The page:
5 Ways Volunteering Helps Your Job Search
There are plenty of ways that you can help yourself in your job search. Large efforts – such as getting a degree or taking that great internship in Shanghai – can definitely help your job search. However, simply taking some time out of your day to volunteer can help your chances of finding a job immensely.
It Looks Good On a CV
First and foremost, let’s take a look at the obvious way that volunteering can help you when you are searching for a job. When you volunteer, you are creating a situation that looks fantastic to potential employers.
For one, volunteering shows a lot about your work ethic. Unlike a previous job you may have held, volunteering doesn’t pay you for your time. As such, it shows that you were willing to work purely out of passion for a cause or just to help others.
If you really want to make your résumé stand out, try to take on larger roles when you volunteer. For example, if you participate in a fundraiser, it looks good on your résumé. However, if you hold a higher position – such as organizing or managing a local event, you are showing off leadership skills as well as your initiative.
In addition, if you are in college or recently out of college, you might find that your résumé is a little thin. After all, you haven’t held a lot of jobs at this point in your life and those that you did probably weren’t high profile enough to be particularly striking. To fill out your résumé, though, you can take advantage of volunteering opportunities.
Develop Your Skills
As discussed previously, you can use a volunteer experience to showcase your skills. If you have strong leadership skills, for example, you can showcase that by having volunteer experiences on your résumé in higher positions such as managing or organizing movements and events.
However, volunteering isn’t just for slipping into a role that you are comfortable in. You can also use a volunteering opportunity to strengthen the skills that you have professionally. If you want to take an extra step, though, you can also learn new skills – for example, if you frequently work in lower tier positions, give a higher tier job – like one in management – a try. It isn’t just leadership skills either. You can also use volunteer opportunities to develop and strengthen other professional skills such as time management, teamwork, and resource development, just to name a few.
Create New Relationships
Odds are, at some point, you’ve heard the phrase “it isn’t what you know, it’s who you know.” If you aren’t familiar with it, this phrase basically means that the things you learn are important but knowing the right people can be just as important – if not more important – in many cases.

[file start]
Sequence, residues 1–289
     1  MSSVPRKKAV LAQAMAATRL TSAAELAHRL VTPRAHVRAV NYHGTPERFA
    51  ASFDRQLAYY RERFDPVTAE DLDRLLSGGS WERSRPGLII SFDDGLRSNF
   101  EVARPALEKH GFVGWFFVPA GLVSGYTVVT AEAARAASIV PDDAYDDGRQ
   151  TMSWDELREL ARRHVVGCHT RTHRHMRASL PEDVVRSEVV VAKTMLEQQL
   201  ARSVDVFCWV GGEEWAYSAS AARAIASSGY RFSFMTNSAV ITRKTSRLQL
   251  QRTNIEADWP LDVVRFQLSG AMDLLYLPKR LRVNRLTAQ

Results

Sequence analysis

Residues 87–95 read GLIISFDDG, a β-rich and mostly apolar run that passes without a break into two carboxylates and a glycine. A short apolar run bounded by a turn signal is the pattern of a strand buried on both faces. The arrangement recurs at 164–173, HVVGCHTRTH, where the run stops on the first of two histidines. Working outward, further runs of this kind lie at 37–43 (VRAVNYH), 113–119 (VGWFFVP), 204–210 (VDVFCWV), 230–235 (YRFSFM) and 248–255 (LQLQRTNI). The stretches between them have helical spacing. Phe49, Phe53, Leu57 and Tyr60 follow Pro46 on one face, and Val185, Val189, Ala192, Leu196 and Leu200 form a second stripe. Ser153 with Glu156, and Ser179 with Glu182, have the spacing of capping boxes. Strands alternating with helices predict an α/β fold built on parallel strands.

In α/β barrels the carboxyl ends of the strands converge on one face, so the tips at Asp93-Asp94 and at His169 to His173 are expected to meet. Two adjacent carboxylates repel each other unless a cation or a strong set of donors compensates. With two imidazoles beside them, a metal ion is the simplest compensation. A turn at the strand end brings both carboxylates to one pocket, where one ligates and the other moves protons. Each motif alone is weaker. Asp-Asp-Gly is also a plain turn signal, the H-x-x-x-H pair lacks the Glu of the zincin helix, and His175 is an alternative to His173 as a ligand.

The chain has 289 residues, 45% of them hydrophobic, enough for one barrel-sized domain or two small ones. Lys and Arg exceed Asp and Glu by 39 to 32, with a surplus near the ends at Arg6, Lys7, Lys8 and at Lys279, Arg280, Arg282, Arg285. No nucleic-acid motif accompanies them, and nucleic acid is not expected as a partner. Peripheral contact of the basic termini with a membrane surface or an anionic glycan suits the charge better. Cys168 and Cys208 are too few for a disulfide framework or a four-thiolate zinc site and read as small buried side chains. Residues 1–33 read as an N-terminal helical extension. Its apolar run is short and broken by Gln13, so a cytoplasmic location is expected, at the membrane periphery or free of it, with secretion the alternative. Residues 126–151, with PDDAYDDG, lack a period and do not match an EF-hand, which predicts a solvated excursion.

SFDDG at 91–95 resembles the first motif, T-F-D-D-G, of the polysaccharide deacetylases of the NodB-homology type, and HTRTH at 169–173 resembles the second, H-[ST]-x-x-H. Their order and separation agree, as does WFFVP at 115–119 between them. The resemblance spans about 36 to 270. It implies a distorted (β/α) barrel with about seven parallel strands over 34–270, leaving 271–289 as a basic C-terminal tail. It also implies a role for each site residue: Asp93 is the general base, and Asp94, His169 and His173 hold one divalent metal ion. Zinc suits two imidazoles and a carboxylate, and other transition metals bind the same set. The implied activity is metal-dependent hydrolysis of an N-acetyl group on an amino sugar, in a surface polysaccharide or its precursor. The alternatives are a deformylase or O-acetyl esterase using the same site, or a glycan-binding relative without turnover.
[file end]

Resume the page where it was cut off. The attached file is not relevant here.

With estimation of anywhere from 60% to 80% of jobs being discovered through personal relationships, it’s no surprise that forming professional relationships can be crucial to your career.
This is where volunteering comes in. When you volunteer, you will have the chance to meet a variety of people. If your volunteering experience is in your career field, you can meet others with similar professional credentials. However, if you are volunteering outside your sphere, you can still develop relationships with other professionals. The more varied your contacts are, the more opportunities that are likely to come your way.
Find Your Dream Job
Volunteering is also a great chance to find out your professional interests and passions. After all, when you are looking for a new job or trying to find one fresh out of college, you don’t always know exactly what you are looking for. Once you get into a new job, though, you can’t always just quit if you don’t like it.
Volunteering has an advantage here because it is far more short-term than a paying job. This allows you to try multiple different types of volunteer opportunities and positions to see which ones you enjoy or which ones you have a natural skill in.
Due to this, you can use your experience as a volunteer to decide what you want to do as a permanent career choice. This way, you can make decision based on your experiences rather than just choosing based on potential future tasks without trying anything like them, allowing you to more accurately gauge your enjoyment in a certain field before making a permanent or semi-permanent decision.
Build Your Self-Confidence
When you walk into an interview, one of the key things you can do is look confident in what you are promising. If you aren’t comfortable talking about your skills or discussing your own potential, you probably aren’t going to impress your interviewer. Taking the time to volunteer, though, can give you confidence in your skills.